Marvin Rees’s triumph as mayor defies Bristol’s racist past


While much has been said, rightly so, about a Muslim now leading London, we must not lose sight of the symbolism and enormous significance of Marvin Rees being elected mayor of Bristol this weekend.

Rees, the working-class son of an English mother and Jamaican father, makes history as the first directly elected city mayor in Europe of African or Caribbean heritage.

And that’s important, because the city of Bristol and its governance cannot effectively be understood without seeing it, in part, through the prism of race.

These events have shaped Bristol, and help us understand why Rees’s victory was so hugely significant

In its day, and not unlike London, Bristol was a global city whose enormous wealth derived from the international trade of enslaved Africans. It was the birthplace of one of the era’s most notorious slave owners, Edward Colston, whose earnings financed Bristol’s growth, and who still has a statue in the city and a school named after him.

And it isn’t just slavery that marks out Bristol for its racial impact in the UK. In 1963 a small group of Caribbean workers initiated a bus boycott because the local bus company, backed by the unions, refused to employ black or Asian staff.

The brave actions by a few hundred men and women – led by Paul Stephenson, who backed Marvin Rees – not only forced the bus company to capitulate but also persuaded Britain’s government to begin the process of protecting minorities from blatant discrimination. In 1965 the Race Relations Act became law.

Other seismic events in Bristol would force this city to confront and deal with racial injustice. The race riots in the city’s St Pauls district in 1980 were sparked by a police raid on the local Black and White cafe, against a backdrop of police harassment and brutality against local black people. In 1988 a landmark undercover BBC investigation, Black and White, exposed discrimination in jobs, housing and the leisure industry in the city, and shocked the nation.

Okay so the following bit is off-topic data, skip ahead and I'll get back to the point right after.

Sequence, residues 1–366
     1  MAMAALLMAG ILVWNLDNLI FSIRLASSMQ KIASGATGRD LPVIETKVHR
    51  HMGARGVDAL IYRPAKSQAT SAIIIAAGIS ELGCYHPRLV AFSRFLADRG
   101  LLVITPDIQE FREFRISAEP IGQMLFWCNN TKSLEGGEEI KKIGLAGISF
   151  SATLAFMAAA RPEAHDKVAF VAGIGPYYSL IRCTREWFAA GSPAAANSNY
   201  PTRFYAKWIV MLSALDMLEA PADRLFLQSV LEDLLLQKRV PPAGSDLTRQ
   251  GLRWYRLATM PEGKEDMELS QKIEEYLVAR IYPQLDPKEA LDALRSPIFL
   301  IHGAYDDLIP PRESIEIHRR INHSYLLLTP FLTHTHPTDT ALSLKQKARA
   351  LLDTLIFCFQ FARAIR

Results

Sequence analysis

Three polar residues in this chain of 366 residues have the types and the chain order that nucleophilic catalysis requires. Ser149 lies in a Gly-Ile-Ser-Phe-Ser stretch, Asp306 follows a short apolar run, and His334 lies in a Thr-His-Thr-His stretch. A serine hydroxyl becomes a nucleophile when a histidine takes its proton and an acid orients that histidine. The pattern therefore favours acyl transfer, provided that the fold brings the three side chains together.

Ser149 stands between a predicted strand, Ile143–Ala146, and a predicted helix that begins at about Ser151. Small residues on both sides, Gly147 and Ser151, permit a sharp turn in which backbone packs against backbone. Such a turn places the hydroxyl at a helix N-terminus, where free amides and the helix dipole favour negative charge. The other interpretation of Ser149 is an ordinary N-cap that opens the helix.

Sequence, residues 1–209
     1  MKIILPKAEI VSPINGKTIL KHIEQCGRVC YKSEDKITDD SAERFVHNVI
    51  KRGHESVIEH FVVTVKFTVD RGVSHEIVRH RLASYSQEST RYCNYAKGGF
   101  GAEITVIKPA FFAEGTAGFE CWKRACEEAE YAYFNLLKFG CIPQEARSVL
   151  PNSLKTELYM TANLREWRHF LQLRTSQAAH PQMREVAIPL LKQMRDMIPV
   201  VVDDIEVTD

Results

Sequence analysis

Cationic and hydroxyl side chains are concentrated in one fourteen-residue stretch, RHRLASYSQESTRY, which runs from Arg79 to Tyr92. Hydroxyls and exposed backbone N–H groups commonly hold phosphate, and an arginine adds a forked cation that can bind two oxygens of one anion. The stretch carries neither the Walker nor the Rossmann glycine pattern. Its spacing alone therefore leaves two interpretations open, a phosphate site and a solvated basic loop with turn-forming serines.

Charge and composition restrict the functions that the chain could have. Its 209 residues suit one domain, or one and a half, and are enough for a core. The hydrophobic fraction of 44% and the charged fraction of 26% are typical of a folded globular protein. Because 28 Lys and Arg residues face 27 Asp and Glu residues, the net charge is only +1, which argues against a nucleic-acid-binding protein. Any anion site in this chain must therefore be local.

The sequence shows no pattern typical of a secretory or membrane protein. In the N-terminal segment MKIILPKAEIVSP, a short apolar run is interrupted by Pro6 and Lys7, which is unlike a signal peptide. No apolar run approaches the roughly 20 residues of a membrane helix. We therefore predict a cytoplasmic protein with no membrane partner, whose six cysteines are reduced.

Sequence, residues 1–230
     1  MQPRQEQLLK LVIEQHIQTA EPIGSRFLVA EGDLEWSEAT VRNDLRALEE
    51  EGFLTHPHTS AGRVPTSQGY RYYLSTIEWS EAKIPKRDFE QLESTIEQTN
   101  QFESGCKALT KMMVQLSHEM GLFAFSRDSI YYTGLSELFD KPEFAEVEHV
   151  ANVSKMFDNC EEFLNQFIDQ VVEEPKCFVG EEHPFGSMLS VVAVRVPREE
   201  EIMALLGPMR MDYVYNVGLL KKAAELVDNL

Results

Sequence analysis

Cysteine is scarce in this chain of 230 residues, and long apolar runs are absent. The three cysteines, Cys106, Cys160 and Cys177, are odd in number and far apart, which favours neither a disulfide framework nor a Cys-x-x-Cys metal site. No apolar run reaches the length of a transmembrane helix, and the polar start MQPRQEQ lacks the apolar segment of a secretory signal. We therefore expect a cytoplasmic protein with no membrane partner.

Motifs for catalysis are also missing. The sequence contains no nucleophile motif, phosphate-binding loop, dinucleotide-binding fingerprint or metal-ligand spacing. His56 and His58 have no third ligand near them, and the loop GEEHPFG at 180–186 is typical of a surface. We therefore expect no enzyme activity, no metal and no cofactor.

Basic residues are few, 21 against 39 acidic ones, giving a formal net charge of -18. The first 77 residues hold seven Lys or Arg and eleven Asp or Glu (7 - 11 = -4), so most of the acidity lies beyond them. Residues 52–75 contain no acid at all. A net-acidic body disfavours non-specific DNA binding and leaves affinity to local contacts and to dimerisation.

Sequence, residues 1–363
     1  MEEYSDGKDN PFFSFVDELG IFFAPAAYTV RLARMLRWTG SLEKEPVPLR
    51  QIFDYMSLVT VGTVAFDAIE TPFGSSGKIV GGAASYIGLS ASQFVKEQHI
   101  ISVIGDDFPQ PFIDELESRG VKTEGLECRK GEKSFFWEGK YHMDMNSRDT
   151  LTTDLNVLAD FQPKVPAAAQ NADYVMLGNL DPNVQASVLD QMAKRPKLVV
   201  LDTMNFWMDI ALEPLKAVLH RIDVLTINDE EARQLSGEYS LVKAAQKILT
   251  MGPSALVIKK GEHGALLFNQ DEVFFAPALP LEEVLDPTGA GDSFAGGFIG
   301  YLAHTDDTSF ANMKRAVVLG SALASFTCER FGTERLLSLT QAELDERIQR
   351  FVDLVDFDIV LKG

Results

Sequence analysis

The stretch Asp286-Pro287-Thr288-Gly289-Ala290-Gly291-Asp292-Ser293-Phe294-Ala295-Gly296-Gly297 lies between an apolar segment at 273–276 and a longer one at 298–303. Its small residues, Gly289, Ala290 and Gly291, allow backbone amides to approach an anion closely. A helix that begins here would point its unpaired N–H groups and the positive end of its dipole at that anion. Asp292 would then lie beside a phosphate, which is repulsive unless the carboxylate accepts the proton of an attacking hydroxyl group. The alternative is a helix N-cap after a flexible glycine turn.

Fast-forward to Bristol 2009, and the BBC Panorama programme Hate on the Doorstep followed Muslim reporters posing as a married couple who faced daily harassment.

These events have shaped Bristol, and help us understand why Rees’s victory was so hugely significant.

Rees has had a 10-year journey towards this role. This included his participation in an MP-shadowing scheme run by Operation Black Vote; and along the way he had to deal with his 2012 defeat in the mayoralty election.

And it would be wrong not to include the impact of Jeremy Corbyn. After his election last September, the Labour leader offered Rees personal support and resources. He was there to celebrate with Rees in the city on Saturday. Today the descendant of enslaved Africans is running a former slave city. Amid all the other commentary about last week’s elections and their aftermath, this story of hope should not be forgotten.

Simon Woolley